Press-Telegram (Newspaper) - March 25, 1959, Long Beach, California                             WEST WON'T BE BLUFFED, VOWS IKE NO 'JOKE1 TO FBI. POLICE K Only Real Russ Power, He Concedes Macmillan, President Differ on Possibility Conclave to Be Held WASHINGTON dent Eisenhower indirectly warned Soviet Premier Khrushchev today against tryinig to force a summit meeting through bluff or blackmail. But he said that in seeking real settlements Khrushchev is the man to ne gotiate with. Eisenhower 'and British Prime Minister Harold Mac millan split apart in the line tliey' took in almost simul taneous statements about th surhtm't conference offer the have agreed to make t Khrushchev. Here is what happened: At his first news confer encc in Washington since con ferring with Macmillan las weekend; Eisenhower said h is willing to go to a summi meeting if it is justified. Am he spelled out his view o what that means that a earlier East-West foreign mi islers conference should mal progress toward easing wor tensions. BoysllpsetB.ofA. With Holdup Note HOME The Southland's I'incsl Evening Newspaper LONG BEACH 12, CALIF., WEDNESDAY, MARCH 25, 1959 Vol. LXXll-No. 44 PRICE 10 CENTS CLASSIFIED HE 2-5959 64 PAGES TELEPHONE HE 5-1161 EDITION (Six Editions Daily) IN AN appearance before Parliament in London about [he same time Macmillan was asked what he thought about the prospects for a summit meeting this year regardless of the outcome of the foreign mitifsters' negotiations. He-replied: As regards the likelihood of a summil meeting 1 would say that everybody seems to thinl that there will be one." The emphasis in the two presentations was different Eisenhower emphasized hi requirement for prior prog ress before a summit confer ence. Macmillan treated summit conference as almos if not entirely inevitable. IN PARIS, P r e s i d e n Charles de Gaulle said toda any West Berlin blockade b East Germany would bring Soviet troops in the area face to face with the West. "If the Western World sees the passage to Berlin he told a news conference "the Soviet troops stationee in Germany would have to AN HUSK 13, and Dan McKay, 9, display some play money that got them in trouble in San Francisco. They "held up" a bank for a fresh sup- got arrested for photo.) Wrecks Own Shop, Routed by Tear Gas Carpenter Turned Businessman Has Ripping Good Time LOS ANGELES (DPI) A carpenter who recenll> bought a shoe repair shop be- cause he "always wanted to own a business" methodically demolished the establishment today before police subdued him with tear gas. Using a hammer, saw and crowbar, Solomon Almaleh, 34, ripped down the walls, tore, out shelves and gouged holes in Hie ceiling of the shop in downtown Los An- geles. Police found the shop a :ood Prices )rop, Overall index in Rise SAN FRANCISCO by wreck when summoned alarmed passcrsby. _ Almaleh, of Reseda in the Probers lold to- Despite lower food prices, overall living costs were vir- tually unchanged in February, the government reported to- lay. In the Long Beach-Los An geles area, the Bureau of La >or Statistics price inde) limbed a tenth of 1'per cen a new high deal with the West." De Gaulle said that the (Continued Page A-3, Col. 2) WHERE TO FIND IT Republicans in the Stat Legislature charge Gov. [tempted robbery charges day. Little Dan McKay, 9, and 'Big" Danny Husk, 13, school boys on Easter Week vaca- tion, said it was all just a prank to get some play money. Trouble is, officials of Hie Rank of world's them seriously And a dragnet of 15 police- men and FBI agents took the bank seriously. e SO, WHEN the youngsters returned home from a movie of they were arrested and turned over to the San Francisco brcibly. "I HATF. he shout ed as officers fired a tear-ga bomb into the wrecked estab lishment. A few seconds later Alma eh stumbled out with tcarsj in his eyes and gave up with- out a struggle. recently bought this place and 1 paid for he told police. "I think I have a right to remodel it if I want to." Almaleh said he had always wanted to own a business and gave up carpentry to start a hoe repair shop. BOATS ARE BUSTfNG OUT ALL OVER Stewart Thomas of Quincy, III., had to take out a window and portions of a wall and hire this crane but he managed to get his boat from the attic where he built it. With warm spring weather coming along, this was no trouble at all for a boating Wircphoto.) __________ in Juke Industry Miami Ex-Operator Says Soons Beat and Ousted Him WASHINGTON Mi- ni coin machine operator swore today he was beaten mercilessly by mobsters to "set an example" to operators fighting underworld efforts to control their industry. The witness, Donald Helow, told the Senate Rackets Com- mittee of the 1955 beating at the hands of four goons. He said he finally was driven out of business. Another witness, Robert Norman, former general man- ager of the Southern Music Distributing Co. in Miami, testified a combine of racket- eers, working through labor unions, spread havoc in the ndustry around Miami. Hclow charged that rack- eteer Charles Karpf led the group of men who jumped him, stuck their knees in his chest and neck and beat him into unconsciousness in 1955. CONFERENCE HIGH LIGHTS But nationally, the index dropped a tenth of 1 per 123.7, the highest' for any February on record. IN ITS INDEXING, the bu- reau figures 1947-49 prices as the base. For the Long Beach Los Angeles area, food prices Youth Guidance Center. The .charge: attempted bank rob- "They cried when we sur- rounded said inspector William Porter. Big Dan's mother, Mrs. Wil- ma Husk, said, "the boys meant no harm although they shouldn't have done it. "Danny has never been in "But now I'm through with all law and order, and I'm go- ng, to join Mickey ie added. Gold Miner Survives Dynamiting TRONA, San Bernardino 'ri> t tmu gold miner has related a nar- Qn a basis not boost the price rnw nsrane from a scries of Ike Asks Steel Pact Without Price Hike WASHINGTON Eisenhower called on -labor and management today to settle the steel row escape from dynamite blasts while trapped in a Death Valley mine shaft. of steel. Eisenhower was asked AN EARLIER WITNESS, Leonard Baitler, jukebox and pinball machine mechanic, testified Karpf was "the man behind" an effort to control the Miami area coin machine industry through alliances with labor unions. Committee Counsel Robert F. Kennedy has said that the icaring would center on ac- tivities of Karpf and Joseph (Joe Scootch) Indellicato, whom he called racketeers, and their relations with juke- box operator Joseph Mangone to Frank Rasmussen, 35, re-'hjs news conference at.15 economically HIS WIFE, Trudy, 30, saidi Frank Kasmusscn, JB, re- news conierence 11 covering in a Trona can do something inflation continue to and go ahcac to avok HIS K y' ff was'knocked to the floor of Almaleh had been suffering premature ex- Plosion of'one of ,2 charges. that she hadn't realized how serious it was until Tuesday night when he was arrested at the Biltmore Hotel and Brown's administration haslwere off .2 per cent, corn- become "a dictatorship." See arcd with a .7 per cent drop T ill lilt: nuivi any she said. He bookcd for dnmkenness. hasn't even been absent from1 school without my knowing THE CONCUSSION severcdibusincss of collective bargain- an artery and broke one leg. ing Page A-8. Beach B-l. Hal A-27. A-27. D-l to 8. C-10, 11. A-ll. Death B-2. A-26. B-3. Shipping B-4. C-l, 2, 3, 4. C-8, 9. Tides, TV, C-12. Vital D-l. A-27. B-8, 9, 10. Your A-2. ationally. Lower meat prices more than offset higher prices or fruits and vegetables. Among items whose costs ncreascd last month were ransportation (up 1.2 per AF Plane, Airliner in ransportation (up 1.2 per Qf Am'crjca He applied first aid. fr-el, cent) and housing (up .1 per had issued someL cancer Reed Laler the injured man was IXCGf WlGSe! of it. I gave to go to the movie. "He met the McKay boy and was going to take him." EN ROUTE to the movie dollar Dulles Plans Trip to Florida for Rest to prevent a steel strike. The President replied it is the policy of his administra- j snow lion to keep outside of Here is the place, he said, for labor and management to show their statesmanship and ithout Rasmussen prayed as waited for the other charges to go. A companion, Harry Boyer, started down the shaft, but Rasmussen warned him, and others. Among other things, Ken- nedy said, the hearings will show that racketeers sought vnriously to use the Uphol- sterers Union, the Textila Workers Union, the Elec- trical Workers and the Team- sters in battling for complete resolve wiLuuuijSierb in iui any advance in the price I control of Miami's jukebox the commodity. industry. hel Eisenhower added tne-past steel companies 11 ously, however, that here is havo pQsted pricc the place where action granting wage increases mittee determine if the United States: WASHINGTON Secretary of State John Foster "there is no need for two ot Dulles will go to Hobe Sound, us to die." EN KOUJf. to me movie Fla ncxt Monday for a period When the other charges ex- the boys stopped at the Bank lof r'est He Uncicrg0ne a ploded, Boyer rushed down! of America Mission Branch.I 'r trKitments'the shaft. He applied first aid. KENNEDY SAID the corn- has evidence that the steel workers union, strong-arm violence was used Congress has heard volunv. against those who refused to nous and conflicting testi- bow to underworld demands. mony as to whether price in- creases were greater than were justified by wage boosts. these other matters: ifor cancer at Walter (Continued Page A-3, Col. 'Army Medical Center. Reed Later the injured taken to Trona. L. A. Measles Cases Far Ahead of 1957 LOS ANGELES Measles are running way ahead of last year. The Health Department said Tuesday 564 cases have been reported, compared with 119 at this time last year. TOO LONG AT TAVERN Good Samaritans Put in Wrong Home GLENDORA His friends decided Tuesday night that John H. Corson had been in his favorite tavern too long They decided to lake him home. Only trouble was, nobody knew for sure where John lived. So they looked up the Corson address in the tele- phone book. And that, according to sheriff's officers, is where the fun began. No one was at home when the party arrived and the front door was locked. Never mind, the bedroom window was open. SO HIS FRIENDS entered, carrying Corson, and de- posited him on the bed. That's where Charles C. Corson found John H. Corson a short while later. Charles C. Corson, 38, resented John H. Corson, 56 and no relation being in his bed. He called the sheriff's office. John H. Corson was booked on suspicion of being drunk. No charges were filed against his well-meaning Mends. HE SET THE DOCTOR STRAIGHT Hospitalized for the first time in his 101 years at Hunlington, W. Va spry James Cooper protested when the physician started examining his c h e s t. "There's nothing wrong with my heart, he said. "I'm here because my foot is sore." Cooper said he's never been sick a day in his The hearing marks another chapter in the committee's investigation of charges of a The President touched on coast-to-coast plot by gang sters and corrupt labor union will never Ict.officials to muscle in on lucra ailing Secretary of Slau-jtivc jukebox and other com DEFIED iJ i J DAYTON, O h i o A leave government serv-jmachine operations, ear-collision between an so iong as Dulles The committee had a briel orce plane and a commercial lo jn some capacity.iencounler Tuesday with two rliner near Zanesvillc Tues- underworld figures, ay night is under invesliga- tne presidcnt thus in- Mickey Cohen and Fred Sica. on at Wright-Patterson Air dicated that he has given But both ducked behind Fifth orce Base today. to keeping Dulles onjAmendment pleas when ques- The investigation as a foreign policyitioned about allegations of Capt. Paul W. Van'adviser even jf Dulles' ill-shakedowns in Los Angeles oven of Wright Air should make it neces- against George M. Seedman, on Pg. A-4, Col. (Continued Page A-3. Col. 4) tellation, passed within 200. eet of his C47. He said the Constc descending to a lower Ititude and traveling at a aster speed than his plane when they passed. The veather was clear and there vas moonlight. Capt. Van Bovcn said he did not see any markings on the plane. The Air Force plane was as about feet. It was determined that air line schedules would have placed a TWA airliner in the neighborhood at about that time, p.m. TWA said it was checking further. Weather- Increasing cloudiness Thursday with a chance of a few showers, mostly near the mountains, late in the day. Temperature at norm: 68. Husband, 19, Honeymoon at Home MEMPHIS, Tenn. IQ-year-old student and his 60-year-old bride spent their first day at home Tuesday beating off demands of the bride's children that they end their marriage. Paul Dunn and Mrs. Lola Tipton Dunn said they were wed Monday in Covington, Tenn., by County Judge Stan- ley Shoaf and intend to stay that way. "1 told them I have already promised befflre God and witnesses to stand by him always, and I said Mrs. Dunn. THEY MET ABOUT a year ago when Dunn, studying accounting at a business school, rented a room from his future wife "I was lost within the world and had no one to he said. "She looked to me to be the same. Mrs Dunn, a widow 19 years, said: "I first felt very sympathetic to him. And later we fell in love. We tried to fight it. He moved out for a month. And then we gave in."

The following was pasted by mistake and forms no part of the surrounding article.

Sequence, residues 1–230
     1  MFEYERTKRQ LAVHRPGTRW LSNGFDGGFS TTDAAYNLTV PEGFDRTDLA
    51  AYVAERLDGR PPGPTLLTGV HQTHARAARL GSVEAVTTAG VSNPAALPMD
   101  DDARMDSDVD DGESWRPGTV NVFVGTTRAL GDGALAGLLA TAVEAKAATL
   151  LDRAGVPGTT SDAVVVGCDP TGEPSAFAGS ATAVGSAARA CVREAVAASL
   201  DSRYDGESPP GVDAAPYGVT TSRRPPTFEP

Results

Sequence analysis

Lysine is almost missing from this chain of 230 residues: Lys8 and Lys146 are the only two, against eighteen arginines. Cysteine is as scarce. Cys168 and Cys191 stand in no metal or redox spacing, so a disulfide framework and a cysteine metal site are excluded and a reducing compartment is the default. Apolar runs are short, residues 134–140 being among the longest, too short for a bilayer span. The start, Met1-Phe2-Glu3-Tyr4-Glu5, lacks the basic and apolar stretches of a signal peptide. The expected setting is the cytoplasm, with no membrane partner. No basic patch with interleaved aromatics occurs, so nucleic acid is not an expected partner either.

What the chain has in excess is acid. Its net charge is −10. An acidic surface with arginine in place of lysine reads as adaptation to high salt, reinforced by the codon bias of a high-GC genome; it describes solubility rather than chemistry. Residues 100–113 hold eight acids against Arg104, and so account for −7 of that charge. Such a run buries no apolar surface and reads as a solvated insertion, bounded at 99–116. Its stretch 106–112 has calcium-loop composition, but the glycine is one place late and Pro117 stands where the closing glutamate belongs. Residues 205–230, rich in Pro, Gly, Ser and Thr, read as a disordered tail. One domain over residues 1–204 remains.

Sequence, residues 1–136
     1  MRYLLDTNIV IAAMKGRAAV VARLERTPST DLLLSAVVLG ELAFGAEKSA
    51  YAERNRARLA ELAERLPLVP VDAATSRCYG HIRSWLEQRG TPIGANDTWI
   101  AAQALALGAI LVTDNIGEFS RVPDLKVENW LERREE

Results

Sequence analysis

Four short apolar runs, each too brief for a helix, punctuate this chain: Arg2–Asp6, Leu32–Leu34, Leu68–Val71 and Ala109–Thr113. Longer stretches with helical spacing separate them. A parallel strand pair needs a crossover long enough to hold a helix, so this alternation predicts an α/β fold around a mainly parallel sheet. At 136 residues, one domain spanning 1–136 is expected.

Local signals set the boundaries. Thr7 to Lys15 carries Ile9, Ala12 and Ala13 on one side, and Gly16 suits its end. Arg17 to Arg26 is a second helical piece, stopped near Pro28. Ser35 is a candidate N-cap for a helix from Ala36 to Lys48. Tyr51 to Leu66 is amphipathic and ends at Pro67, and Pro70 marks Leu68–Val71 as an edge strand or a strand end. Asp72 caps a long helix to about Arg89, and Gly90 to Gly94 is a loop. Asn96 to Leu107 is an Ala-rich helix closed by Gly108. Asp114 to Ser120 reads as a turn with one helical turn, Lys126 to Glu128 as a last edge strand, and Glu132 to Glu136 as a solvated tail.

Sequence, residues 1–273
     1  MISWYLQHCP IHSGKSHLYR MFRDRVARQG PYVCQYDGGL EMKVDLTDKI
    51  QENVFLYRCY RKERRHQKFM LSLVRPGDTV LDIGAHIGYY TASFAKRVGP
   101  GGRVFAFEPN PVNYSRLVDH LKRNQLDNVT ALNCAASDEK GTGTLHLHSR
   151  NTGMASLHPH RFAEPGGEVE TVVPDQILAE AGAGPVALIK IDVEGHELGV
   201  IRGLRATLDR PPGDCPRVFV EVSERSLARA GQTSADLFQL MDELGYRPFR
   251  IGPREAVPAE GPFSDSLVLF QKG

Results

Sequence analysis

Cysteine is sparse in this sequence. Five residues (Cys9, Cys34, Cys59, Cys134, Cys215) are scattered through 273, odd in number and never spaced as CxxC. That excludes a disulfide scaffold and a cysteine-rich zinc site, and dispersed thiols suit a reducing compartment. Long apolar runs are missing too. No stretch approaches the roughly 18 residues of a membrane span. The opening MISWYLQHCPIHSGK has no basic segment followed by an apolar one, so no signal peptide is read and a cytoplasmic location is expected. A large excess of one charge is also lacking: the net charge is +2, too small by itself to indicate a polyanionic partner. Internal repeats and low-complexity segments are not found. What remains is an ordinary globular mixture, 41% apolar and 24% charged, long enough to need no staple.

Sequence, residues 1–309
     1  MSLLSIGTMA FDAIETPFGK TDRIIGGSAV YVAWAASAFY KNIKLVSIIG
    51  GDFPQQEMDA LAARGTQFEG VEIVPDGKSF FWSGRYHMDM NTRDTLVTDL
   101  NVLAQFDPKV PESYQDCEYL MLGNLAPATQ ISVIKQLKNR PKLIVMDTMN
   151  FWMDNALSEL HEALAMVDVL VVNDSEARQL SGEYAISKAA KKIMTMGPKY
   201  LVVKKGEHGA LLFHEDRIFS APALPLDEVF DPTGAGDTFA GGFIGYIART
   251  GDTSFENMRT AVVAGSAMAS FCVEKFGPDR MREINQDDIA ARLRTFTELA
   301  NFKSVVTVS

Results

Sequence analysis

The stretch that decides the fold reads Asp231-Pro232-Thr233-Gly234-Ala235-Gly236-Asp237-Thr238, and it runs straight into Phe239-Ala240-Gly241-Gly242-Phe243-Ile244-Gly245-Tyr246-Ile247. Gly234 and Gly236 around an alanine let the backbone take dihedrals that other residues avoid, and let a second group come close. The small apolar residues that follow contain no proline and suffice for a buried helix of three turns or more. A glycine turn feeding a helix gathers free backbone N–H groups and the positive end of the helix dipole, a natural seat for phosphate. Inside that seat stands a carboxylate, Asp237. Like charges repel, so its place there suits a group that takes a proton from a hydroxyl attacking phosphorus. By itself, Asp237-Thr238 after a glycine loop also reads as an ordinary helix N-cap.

From 1607 To The Present